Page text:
But the pattern isn't the largest issue in my view. That's the ANGLE you could expect. Flashlights are handheld devices. So if you believe in naturally motivated lighting, virtually everything you shoot would naturally be UPLIT. That puts you in the realm of VERY unflattering light. Conan Obrien "In the year 5000" unflatering. Selling the idea that all your actors need to look ghastly through the whole piece is gonna be a little tough.
Then there's the issue of shape. Simply pointing a flashlight at a subject creates a very FLAT look. What gives characters and scenes dimension is modeling shape with the judicious addition of side or backlight to a key. A flashlight beam makes a VERY poor backlight since it's no where near broad enough to outline enough shape to separate anything more than a tight headshot out of the darkness. You typically need a broader source for that.
I'd do two things. First, I'd explore having your characters leave the flashlights behind and see if the script will support characters with those headband mounted camping lights. Right there you raise the light source to eye level and softening these with frost or something similar won't bother the audience since few people understand how the beam of these look. Right there your characters faces will look a WHOLE lot better.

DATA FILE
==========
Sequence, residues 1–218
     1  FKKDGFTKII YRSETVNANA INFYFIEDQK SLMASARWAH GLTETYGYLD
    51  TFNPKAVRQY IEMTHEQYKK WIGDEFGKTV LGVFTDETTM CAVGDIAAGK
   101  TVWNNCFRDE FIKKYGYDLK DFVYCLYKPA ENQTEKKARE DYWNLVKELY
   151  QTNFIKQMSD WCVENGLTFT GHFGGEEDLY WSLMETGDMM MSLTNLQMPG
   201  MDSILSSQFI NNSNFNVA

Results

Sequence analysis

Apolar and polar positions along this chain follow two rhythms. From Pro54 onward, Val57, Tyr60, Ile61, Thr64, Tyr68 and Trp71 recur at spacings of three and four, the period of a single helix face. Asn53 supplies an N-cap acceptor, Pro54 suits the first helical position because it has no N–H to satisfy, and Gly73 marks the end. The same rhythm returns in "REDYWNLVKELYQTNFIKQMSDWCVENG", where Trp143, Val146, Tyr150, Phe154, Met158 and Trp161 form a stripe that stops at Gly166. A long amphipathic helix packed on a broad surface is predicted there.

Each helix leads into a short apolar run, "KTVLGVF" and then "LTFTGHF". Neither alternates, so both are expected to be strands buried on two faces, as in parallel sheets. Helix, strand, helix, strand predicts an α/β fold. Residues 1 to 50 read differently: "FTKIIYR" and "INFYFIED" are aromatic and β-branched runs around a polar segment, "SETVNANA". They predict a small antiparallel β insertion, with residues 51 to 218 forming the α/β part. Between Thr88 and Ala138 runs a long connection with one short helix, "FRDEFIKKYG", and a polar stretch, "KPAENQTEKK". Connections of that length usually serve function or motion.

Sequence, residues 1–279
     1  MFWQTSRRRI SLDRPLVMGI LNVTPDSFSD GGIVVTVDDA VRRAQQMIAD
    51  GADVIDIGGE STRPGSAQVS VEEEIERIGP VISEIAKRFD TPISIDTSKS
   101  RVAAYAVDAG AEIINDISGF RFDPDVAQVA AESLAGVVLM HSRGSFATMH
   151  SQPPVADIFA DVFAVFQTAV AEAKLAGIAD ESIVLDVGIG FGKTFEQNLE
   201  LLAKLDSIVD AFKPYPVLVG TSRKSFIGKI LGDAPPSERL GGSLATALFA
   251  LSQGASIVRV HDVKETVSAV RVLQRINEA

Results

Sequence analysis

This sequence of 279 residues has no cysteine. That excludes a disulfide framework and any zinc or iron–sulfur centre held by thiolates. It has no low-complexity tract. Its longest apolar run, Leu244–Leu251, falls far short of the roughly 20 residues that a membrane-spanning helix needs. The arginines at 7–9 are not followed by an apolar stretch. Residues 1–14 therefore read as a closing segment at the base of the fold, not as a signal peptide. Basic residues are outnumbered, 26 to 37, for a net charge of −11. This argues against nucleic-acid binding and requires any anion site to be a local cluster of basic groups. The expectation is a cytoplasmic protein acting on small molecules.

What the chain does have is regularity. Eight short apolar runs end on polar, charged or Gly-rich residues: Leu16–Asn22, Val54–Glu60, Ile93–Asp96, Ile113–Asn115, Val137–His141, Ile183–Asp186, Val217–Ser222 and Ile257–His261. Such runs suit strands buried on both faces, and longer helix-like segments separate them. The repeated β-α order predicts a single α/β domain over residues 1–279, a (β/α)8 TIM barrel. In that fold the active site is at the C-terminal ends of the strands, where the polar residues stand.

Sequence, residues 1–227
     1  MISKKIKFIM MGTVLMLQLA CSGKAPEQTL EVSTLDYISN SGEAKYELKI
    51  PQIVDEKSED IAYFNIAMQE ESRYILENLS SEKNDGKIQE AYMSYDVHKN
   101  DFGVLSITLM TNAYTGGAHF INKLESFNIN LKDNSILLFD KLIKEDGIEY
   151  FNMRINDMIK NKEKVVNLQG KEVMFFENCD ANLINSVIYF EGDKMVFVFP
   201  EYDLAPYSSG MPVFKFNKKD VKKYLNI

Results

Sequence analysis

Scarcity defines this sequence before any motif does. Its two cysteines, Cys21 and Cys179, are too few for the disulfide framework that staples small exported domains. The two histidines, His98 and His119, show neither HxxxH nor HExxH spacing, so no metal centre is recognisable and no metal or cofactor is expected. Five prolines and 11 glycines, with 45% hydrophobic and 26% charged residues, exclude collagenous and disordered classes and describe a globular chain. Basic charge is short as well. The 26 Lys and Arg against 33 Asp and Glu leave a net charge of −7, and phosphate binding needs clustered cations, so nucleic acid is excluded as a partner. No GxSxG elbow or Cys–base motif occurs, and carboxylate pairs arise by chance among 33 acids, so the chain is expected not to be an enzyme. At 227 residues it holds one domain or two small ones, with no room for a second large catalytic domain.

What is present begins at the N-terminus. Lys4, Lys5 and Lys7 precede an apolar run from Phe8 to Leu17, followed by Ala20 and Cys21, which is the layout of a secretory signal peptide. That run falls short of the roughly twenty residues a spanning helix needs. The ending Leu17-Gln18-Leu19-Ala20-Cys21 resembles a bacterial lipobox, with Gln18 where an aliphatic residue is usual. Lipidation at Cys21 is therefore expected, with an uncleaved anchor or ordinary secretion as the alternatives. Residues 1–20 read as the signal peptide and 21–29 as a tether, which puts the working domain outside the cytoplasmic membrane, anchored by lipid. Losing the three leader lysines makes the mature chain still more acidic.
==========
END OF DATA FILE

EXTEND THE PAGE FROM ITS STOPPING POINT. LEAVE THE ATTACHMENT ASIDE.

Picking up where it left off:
Next, I'd try to motivate a Coleman style propane lantern into the scenes. Then work really hard with your blocking to keep it behind characters or settings such that it motivates a backlight.
That's where I"d start at least. As I said, you've set yourself a pretty tough task to make people look good and keep the scenes working if all you have are folks carrying flashlights around in the dark.
Some ideas to consider at least.
A few of you wanted to know how this footage would turn out...well, we filmed it over a month ago and I have a clip. We cheated a bit in this sequence, as there is a Day for Nite shot to make this particular sequence work better out of context. In the actual film, this DFN clip is not there. Also, the entire sequence is much longer and more drawn out, with less edits, and we used only flashlights/lanterns (except for a few closeups, where we used 650s bounced off of a moving reflector board to create the illusion of lanterns).
Anyway, here is the clip:
Clip from Drive-In Horrorshow
And if you want to check out the trailer for the film, here it is:
Drive-In Horrorshow Trailer
Thanks again to everyone who responded! This is a great forum.